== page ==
High relief carving noted as originating from the Phra Kal shrine, Lopburi and dated to the 11th-12th centuries and possibly Suryavarman I period. Although listed as apsaras, the pair of figures are more likely to be devatas or minor female deities.
The above images, featuring multi-armed depictions of the Boddhisattva Avalokiteshvara (Lokesvara) originate from the area of Muang Singh in present-day Kanchanaburi Province and are dated to the Jayavarman VII, Bayon period.
Another Boddhisattva image displaying Bayon period features and also likely to originate from Sai Yok District, Kanchanaburi.
This image of Prajnaparamita – a female deity in Mahayana Buddhism representing wisdom – was also unearthed close to Muang Singh in modern-day Kanchanaburi Province and displays corresponding Bayon-style features.
This Sanskrit inscription, employing Pallava script, is dedicated to a local ruler of Si Thep while also mentioning King Bhavarvarman I (who ruled from Sambor Prei Kuk). As such it can be dated to the late 6th or early 7th century and demonstrates the early Chenla influence over this important Dvaravati site. The precise provenance is recorded as being Ban Wang Phai, Bo Rang Wichianburi District, Phetchabun Province.
The National Museum houses one of several early inscriptions originating in the Noen Phaniat/Wat Thong Thua area of Chanthaburi Province. This early 7th-century stele mentions Isanavarman I and is also written in Sanskrit with Pallava script.
A Khmer language and Sanskrit script stele originating in Ayutthaya (precise location unrecorded) and displaying the date 937. It is highly unlikely that the Khmer ruler Jayavarman IV’s influence extended this far at that time so the stele was probably either inscribed by a local ruler using Khmer text or perhaps deposited here at some stage by a Siamese general or ruler. The text is Shivaite in nature so the latter would be a distinct possibility.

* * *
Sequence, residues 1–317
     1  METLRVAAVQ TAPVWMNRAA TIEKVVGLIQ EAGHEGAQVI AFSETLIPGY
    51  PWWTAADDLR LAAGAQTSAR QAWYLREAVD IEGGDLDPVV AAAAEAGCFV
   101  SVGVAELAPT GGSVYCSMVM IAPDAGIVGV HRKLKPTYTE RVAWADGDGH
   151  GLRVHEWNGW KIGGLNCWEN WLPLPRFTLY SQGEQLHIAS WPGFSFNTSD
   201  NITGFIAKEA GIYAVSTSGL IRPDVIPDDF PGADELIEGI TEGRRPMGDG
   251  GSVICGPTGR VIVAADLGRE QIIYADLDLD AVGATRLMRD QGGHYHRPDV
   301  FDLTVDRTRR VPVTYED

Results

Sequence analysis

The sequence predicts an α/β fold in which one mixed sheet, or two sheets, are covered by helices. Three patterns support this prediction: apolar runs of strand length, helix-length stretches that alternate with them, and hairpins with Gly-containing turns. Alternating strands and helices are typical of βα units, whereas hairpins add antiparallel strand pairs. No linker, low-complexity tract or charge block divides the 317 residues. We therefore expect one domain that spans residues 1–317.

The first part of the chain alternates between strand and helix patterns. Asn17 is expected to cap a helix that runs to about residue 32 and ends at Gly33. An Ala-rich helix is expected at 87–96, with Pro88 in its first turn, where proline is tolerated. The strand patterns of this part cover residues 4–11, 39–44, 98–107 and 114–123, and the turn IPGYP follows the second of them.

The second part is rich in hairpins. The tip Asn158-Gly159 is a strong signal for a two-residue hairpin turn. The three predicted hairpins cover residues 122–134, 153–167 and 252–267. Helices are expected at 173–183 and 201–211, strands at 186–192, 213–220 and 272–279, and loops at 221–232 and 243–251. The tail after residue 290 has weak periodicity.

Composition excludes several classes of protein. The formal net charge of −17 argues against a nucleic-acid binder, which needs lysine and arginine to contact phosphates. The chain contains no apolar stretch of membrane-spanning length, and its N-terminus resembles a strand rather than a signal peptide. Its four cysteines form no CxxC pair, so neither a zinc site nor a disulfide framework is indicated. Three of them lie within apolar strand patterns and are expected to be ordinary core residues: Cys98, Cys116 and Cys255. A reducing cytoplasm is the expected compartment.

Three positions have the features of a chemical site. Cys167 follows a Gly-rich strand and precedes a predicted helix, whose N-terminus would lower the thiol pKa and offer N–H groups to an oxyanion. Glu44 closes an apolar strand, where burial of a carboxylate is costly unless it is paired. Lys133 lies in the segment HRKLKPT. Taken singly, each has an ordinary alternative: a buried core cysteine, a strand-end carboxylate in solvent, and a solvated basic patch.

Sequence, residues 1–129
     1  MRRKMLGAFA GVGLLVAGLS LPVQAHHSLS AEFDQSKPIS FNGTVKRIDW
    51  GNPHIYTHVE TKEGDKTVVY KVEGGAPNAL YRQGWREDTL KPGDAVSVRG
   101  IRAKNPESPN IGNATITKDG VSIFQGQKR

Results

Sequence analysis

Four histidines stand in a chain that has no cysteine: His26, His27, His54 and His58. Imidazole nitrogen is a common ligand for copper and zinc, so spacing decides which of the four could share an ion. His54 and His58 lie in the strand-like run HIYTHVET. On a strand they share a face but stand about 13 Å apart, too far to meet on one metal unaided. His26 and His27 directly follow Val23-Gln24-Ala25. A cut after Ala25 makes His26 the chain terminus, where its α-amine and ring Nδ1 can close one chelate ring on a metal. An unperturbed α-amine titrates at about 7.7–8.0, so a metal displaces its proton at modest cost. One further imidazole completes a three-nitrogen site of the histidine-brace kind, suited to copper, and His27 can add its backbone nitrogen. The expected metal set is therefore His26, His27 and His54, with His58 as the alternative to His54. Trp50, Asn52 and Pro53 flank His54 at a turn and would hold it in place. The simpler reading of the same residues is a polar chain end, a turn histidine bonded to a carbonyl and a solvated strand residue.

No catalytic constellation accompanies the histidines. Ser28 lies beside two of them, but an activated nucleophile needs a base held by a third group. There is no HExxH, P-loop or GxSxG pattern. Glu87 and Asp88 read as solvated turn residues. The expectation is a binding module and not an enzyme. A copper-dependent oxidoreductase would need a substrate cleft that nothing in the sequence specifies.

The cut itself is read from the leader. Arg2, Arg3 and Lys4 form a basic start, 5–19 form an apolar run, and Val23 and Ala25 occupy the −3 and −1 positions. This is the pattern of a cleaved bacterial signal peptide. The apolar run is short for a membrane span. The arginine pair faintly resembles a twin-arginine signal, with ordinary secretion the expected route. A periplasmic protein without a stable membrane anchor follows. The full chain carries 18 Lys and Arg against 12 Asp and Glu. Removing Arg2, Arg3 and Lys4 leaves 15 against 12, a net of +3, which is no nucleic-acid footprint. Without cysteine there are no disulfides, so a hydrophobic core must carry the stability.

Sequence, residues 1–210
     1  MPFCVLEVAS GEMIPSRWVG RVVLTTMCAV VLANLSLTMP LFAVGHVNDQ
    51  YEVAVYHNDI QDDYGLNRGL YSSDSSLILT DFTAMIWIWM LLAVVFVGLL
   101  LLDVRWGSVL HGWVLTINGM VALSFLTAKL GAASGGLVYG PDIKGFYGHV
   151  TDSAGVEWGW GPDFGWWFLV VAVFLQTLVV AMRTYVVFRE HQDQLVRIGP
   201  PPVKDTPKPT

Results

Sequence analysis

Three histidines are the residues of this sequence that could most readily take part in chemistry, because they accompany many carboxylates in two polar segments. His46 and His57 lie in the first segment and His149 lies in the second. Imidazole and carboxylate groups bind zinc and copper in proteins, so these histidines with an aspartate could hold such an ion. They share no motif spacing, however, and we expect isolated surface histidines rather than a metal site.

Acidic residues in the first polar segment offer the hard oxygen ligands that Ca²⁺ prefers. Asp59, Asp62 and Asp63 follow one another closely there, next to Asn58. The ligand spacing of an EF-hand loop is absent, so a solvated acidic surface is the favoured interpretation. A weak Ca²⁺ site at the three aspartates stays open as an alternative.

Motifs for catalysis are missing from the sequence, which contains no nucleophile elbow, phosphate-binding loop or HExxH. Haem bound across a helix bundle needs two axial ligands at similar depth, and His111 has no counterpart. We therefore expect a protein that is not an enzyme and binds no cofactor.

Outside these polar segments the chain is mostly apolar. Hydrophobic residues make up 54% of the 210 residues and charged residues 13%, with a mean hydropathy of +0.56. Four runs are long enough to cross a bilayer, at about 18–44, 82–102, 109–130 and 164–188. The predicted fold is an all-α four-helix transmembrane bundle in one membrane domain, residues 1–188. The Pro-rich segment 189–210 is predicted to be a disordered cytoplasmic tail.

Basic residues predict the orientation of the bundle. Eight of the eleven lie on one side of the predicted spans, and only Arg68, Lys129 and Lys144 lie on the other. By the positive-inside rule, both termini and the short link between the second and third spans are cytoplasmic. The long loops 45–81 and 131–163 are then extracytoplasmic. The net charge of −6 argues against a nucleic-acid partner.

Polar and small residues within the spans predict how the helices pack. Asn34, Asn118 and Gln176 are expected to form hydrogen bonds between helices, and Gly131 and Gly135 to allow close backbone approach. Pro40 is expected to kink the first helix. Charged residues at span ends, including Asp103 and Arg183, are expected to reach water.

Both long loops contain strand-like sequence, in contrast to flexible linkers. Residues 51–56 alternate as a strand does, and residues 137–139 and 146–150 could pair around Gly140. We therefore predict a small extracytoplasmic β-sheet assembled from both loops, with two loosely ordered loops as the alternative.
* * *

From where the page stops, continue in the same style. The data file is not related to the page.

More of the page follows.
Known as the San Sung inscription this Sanskrit stele originates in Lopburi and is dated to the reign of Suryavarman I who extended Khmer influence into what is now central Thailand during this period.
This splendid and well-preserved 3m high linga originates from Si Mahosot ancient city site, (Dong Si Mahosot or Muang Sri Mahosot), in Prachinburi Province and is dated to the Chenla period and late 6th or early 7th centuries.
The central colonette and apsara or devata relief show a 12th-century art style (probably Angkor Wat) and are thought to have originated from Phimai. On either side, a pair of round door colonettes show possible 8th-century features. (They are, incorrectly we feel, labelled as window balustres.)
Note that the above selection of Khmer artefacts in the National Museum Bangkok is far from comprehensive and – as mentioned earlier – the sculptures the museum chooses to exhibit at any given time is a fraction of the collection in storage. Furthermore, in addition to the larger, more impressive artefacts featured above, a number of smaller carvings, as well as Angkor-period pottery, is also on display.
Finally, we would also point out that all our images are from the Lopburi/Khmer hall with additional rooms featuring Dvaravati, Srivijaya, Sukhothai, Ayutthaya etc periods.
A visit to all or any of the above museum halls can be included in the All Points East Bangkok tour.